IN February of 2000 the French socialist government introduced the 35-hour working week. As in South Africa, the previous legal duration of the working week had been some 39 to 40 hours, which had was established under François Mitterrand. The main objectives of the law decreasing the work week were twofold:
- To reduce unemployment and yield a better division of labor, in a context where some people work long hours while some others are unemployed. A 10.2% decrease in the hours extracted from each worker would, theoretically, require firms to hire correspondingly more workers, a remedy for unemployment
- To take advantage of improvements in productivity of modern society to give workers some more personal time to enhance quality of life.
South Africa’s working week has on the whole, increased, and the guidelines contained in the Labour Relations Act are very rarely imposed upon employers, who are able to argue “exigency of the situation” — for example the Labour Court of South Africa has condoned a 7 day work week and 14 hour shifts whenever required for media workers at the same time there are moves abroad to lower the work week duration to 21 hours.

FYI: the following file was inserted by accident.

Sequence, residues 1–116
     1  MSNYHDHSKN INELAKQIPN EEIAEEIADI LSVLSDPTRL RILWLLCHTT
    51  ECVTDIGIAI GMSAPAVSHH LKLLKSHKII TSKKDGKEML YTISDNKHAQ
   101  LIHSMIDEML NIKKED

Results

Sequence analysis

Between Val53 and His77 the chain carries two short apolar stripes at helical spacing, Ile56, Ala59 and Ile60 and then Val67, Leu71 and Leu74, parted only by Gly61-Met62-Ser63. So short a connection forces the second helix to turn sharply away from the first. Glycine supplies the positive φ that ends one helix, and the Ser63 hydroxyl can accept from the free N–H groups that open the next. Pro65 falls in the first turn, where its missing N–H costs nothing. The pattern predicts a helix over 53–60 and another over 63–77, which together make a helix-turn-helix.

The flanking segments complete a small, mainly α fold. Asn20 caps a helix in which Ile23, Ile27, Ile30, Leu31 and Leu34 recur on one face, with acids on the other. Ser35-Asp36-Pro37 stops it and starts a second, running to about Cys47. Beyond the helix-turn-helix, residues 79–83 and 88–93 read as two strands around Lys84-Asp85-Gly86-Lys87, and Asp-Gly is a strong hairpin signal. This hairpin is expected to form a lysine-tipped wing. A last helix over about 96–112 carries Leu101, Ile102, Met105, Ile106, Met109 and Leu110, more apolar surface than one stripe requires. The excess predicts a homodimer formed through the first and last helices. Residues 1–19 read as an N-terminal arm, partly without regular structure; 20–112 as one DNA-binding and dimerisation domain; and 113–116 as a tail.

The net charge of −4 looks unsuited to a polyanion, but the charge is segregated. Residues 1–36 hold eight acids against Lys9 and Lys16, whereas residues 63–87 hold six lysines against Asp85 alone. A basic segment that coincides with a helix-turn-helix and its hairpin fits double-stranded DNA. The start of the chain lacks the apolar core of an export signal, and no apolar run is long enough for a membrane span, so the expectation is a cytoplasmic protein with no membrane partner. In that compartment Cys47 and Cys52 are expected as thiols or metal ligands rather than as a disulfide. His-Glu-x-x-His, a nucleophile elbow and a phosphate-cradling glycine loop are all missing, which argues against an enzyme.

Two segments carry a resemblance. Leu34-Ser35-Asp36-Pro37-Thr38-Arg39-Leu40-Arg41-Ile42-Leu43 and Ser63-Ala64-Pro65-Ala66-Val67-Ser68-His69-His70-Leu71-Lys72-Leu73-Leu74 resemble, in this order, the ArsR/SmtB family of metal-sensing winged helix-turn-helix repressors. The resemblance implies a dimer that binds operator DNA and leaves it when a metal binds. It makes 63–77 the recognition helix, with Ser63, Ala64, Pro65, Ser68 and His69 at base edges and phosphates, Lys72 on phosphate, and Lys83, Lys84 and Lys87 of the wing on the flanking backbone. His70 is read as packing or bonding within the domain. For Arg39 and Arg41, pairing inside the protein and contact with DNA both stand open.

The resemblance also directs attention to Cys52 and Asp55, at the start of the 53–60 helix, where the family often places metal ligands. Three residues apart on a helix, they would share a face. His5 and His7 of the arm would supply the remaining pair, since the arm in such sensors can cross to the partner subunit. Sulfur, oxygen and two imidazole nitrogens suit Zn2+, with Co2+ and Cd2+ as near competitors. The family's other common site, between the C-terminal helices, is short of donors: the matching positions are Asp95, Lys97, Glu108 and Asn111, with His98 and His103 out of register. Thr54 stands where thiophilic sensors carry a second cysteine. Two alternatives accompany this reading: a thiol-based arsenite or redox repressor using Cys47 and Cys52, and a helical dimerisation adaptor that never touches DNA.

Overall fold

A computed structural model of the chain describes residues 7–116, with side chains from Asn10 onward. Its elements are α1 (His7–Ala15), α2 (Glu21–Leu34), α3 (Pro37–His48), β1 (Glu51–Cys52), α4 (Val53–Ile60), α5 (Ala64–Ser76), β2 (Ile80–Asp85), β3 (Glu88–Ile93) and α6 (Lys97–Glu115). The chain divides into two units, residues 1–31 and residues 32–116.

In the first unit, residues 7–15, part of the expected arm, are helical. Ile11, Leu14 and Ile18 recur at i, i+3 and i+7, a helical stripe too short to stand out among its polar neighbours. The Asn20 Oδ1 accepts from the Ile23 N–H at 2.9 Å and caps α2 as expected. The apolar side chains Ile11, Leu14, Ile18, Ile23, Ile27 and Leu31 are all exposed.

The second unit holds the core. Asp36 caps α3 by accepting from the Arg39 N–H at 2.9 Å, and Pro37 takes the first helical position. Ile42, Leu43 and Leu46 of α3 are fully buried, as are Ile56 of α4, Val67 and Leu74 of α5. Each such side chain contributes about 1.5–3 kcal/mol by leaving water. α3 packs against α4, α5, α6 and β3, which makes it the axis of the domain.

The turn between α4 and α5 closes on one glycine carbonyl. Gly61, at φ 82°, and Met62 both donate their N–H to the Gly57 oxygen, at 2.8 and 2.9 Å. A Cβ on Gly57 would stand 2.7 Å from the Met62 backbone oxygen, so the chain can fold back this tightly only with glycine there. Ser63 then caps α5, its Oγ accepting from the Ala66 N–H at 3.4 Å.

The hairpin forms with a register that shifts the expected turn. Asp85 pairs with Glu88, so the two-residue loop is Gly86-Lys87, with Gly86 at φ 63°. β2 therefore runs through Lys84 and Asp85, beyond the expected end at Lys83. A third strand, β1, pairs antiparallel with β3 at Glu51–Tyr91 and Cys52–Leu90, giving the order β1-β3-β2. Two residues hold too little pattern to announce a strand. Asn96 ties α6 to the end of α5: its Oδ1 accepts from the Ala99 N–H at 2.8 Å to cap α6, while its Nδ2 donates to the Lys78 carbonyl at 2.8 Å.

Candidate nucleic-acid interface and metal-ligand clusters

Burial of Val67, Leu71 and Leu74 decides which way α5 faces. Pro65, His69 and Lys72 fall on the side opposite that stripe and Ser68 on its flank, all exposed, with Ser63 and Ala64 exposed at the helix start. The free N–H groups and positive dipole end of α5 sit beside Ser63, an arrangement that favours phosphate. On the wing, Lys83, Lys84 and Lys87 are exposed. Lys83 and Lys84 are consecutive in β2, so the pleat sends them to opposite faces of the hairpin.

A 2009 report by the influential thinktank, the New Economic Foundation, says over-consumption, rising unemployment, increasing inequality and deteriorating work-life balance can be tackled by radically altering working life.
Reducing the working week could also defuse the pensions time bomb by ensuring employees are healthy enough to work later in life.
Citing the example of Utah, the study shows how the US state’s decision in 2008 to place all public-sector workers on a four-day week saved energy, reduced absenteeism and increased productivity.
It would create jobs and stop the unsustainable cycle of rampant consumerism. Sure, it would also require a wholesale reordering of our economy, but that might happen whether we like it or not.
“The proposed shift towards 21 hours must be seen in terms of a broad, incremental transition to social, economic, and environmental sustainability,” says the NEF
In the year 1930, John Maynard Keynes predicted that, by century’s end, technology would have advanced sufficiently that countries like Great Britain or the United States would have achieved a 15-hour work week